Local scholar reveals ‘hidden truth’ of Haiti

By Dwight Hobbes
Contributing Writer

Mahmoud El-Kati’s Haiti: The Hidden Truth (Papyrus Publishing Inc.) begins on a faltering note before righting itself to evolve into a valuable piece of engaging, well-informed reading.

The author offers the coy statement, “Here rests but a feeble attempt to challenge [the]…simplistic view…of Haiti as only a place of social death.”

False modesty does not become this veteran scribe, a renowned wordsmith and vaunted historian, as no attempt of his to convey a concept has ever been remotely feeble and he knows it — he certainly should by now with several well-received books, not to mention volumes of raptly attended essays, under his belt.

Once El-Kati stops pussyfooting around and comfortably gets it in gear, his characteristic flow is at its fluid best, delivering uncanny insight, scholarly grace and compelling passion.

The forceful thrust and unerring aim of this work indicts media malfeasance and socio-political complicity as a literal whitewashing of history to ruthlessly render African blood in general and Haiti in specific as an ignorant, inept and virtually subhuman species.

“At bottom,” El-Kati asserts, “the conquered land of the indigenous populations of ’The New World’ and the forced labor importation of Africans is what changed forever the course of human history. This over 500-year-old inhuman event is, indeed, the greatest story never told.”

He sets the record straight in no uncertain terms and with such exhaustive research that Haiti: The Hidden Truth belongs on the shelf of every young mind that stands to benefit from coming face to face with the facts and every teacher interested in telling students what actually happened instead of perpetrating the insidious propaganda that has long been passed off as education.

El-Kati makes clear that it took, of all things, a devastating turn of events — the colossal, mind-numbing catastrophe of 2010’s earthquake near Port au Prince, which ended at least a quarter of a million lives (the final count has yet to be taken) — to render Haitian humanity real to, as it were, perceptions that be. Real enough, at any rate, to inspire Red Cross aid and other such conscience-salving social service as the White world is prone to provide before returning to its business-as-usual practice of ignoring disenfranchised nations of color. He does this by incontrovertibly attesting to what Haiti and its people have always been: a land and populace to which determinedly hard-sought, hard-fought autonomy is its lifeblood.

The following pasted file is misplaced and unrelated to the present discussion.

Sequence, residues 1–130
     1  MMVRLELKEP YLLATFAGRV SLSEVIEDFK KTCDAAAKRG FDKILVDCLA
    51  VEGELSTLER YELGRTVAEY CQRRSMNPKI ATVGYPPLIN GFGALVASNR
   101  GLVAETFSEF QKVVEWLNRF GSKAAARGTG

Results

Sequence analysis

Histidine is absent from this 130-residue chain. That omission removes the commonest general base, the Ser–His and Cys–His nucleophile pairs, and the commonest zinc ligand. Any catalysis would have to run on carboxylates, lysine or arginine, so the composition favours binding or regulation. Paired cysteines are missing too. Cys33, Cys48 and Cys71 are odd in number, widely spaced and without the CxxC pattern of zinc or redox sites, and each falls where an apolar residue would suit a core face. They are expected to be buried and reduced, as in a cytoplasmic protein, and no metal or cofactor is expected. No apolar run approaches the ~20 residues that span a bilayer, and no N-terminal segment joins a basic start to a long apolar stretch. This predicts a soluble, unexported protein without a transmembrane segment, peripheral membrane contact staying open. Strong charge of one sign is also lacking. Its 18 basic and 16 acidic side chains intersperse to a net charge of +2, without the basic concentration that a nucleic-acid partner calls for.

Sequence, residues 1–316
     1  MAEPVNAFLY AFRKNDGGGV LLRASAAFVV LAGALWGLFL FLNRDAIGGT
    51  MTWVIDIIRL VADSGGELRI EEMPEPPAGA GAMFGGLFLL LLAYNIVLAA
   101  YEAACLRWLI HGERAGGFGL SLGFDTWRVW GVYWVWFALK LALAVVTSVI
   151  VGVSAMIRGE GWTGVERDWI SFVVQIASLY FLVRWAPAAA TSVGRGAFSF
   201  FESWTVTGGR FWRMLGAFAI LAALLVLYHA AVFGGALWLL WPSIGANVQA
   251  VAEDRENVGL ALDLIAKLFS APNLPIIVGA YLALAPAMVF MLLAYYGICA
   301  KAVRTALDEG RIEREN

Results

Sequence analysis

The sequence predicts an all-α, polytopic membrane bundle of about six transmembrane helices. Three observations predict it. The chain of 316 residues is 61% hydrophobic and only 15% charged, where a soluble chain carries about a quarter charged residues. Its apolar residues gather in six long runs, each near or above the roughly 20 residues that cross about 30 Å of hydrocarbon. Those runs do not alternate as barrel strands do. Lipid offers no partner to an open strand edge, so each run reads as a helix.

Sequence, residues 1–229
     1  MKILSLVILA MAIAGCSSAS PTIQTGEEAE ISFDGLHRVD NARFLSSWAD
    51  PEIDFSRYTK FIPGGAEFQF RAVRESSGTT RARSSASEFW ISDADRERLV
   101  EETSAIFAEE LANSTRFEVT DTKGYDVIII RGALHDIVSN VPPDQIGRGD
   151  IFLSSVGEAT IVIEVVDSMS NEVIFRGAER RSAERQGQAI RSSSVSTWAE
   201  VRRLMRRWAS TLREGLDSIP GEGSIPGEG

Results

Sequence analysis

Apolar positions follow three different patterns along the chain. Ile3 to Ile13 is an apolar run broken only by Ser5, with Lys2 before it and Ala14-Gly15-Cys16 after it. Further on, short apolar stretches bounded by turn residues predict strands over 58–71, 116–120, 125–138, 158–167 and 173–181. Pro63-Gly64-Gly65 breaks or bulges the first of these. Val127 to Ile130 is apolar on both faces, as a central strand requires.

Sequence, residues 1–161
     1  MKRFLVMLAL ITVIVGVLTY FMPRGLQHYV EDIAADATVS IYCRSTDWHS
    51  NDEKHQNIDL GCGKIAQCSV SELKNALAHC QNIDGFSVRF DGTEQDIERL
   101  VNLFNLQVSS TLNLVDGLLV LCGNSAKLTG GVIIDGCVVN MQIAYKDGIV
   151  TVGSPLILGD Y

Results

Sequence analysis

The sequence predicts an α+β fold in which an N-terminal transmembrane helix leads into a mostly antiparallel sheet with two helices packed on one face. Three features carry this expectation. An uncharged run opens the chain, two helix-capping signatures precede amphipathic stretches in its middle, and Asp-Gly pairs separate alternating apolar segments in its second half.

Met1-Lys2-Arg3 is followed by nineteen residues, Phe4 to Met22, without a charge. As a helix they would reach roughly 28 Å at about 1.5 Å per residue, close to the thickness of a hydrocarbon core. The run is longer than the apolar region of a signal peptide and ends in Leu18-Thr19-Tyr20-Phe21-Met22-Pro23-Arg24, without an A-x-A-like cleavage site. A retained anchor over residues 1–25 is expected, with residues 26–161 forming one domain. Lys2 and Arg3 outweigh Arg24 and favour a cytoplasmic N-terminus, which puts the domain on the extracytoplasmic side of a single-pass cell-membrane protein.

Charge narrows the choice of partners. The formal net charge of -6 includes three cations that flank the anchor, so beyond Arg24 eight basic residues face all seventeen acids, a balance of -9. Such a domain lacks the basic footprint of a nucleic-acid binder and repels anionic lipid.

An example of the information characteristically ignored in schools, for instance, is that years before his undoing at Waterloo (caused as much by the impossibly brutal winter as the Russian army), rampaging conqueror Napoleon Bonaparte had been soundly defeated in Haiti by warriors who called on a fierce, indomitable will to defy subjugation at the hands of the French.

El-Kati observes, “The voice of Toussaint L’Ouverture echoed to other patriots throughout the struggle. When Napoleon sent his brother-in-law, Charles Victor Emmanuel Leclerc, as head of 30,000 crack troops — France’s finest — to retake the island, L’Ouverture’s words rang true: ‘Burn the cities. Poison the wells. Scorch the earth. Show the White man the hell he came to make.’”

Haiti: The Hidden Truth does a fine job of illustrating that just as has been the case all over the world whenever people of color catch hell from the White man, it is not through any such thing as White supremacy: The timeless delusion of supremacy actually is a matter of ruthless and treacherous domination by means much closer to crass, xenophobic cowardice than anything else.

As a bonus of sorts, there’s a mini-primer, “10 Good Things to Know About Haiti,” eight of which cite noteworthy names in history. For instance, it points out that legendary dancer Katherine Dunham (who also was an anthropologist) incorporated aspects of Haitian culture in her choreography.

And, W.E.B. Du Bois, a founder of the NAACP and the first son of Africa to earn a Ph.D. from Harvard, was the son of a Haitian.

As entertaining as it is informative (as scholarly achievement doesn’t have to be boring to teach something worthwhile), Haiti: The Hidden Truth is an excellent addition to your library and a perfect conversation piece to leave laying around on your coffee table.

Dwight Hobbes welcomes reader responses to dhobbes@spokesman-recorder.com.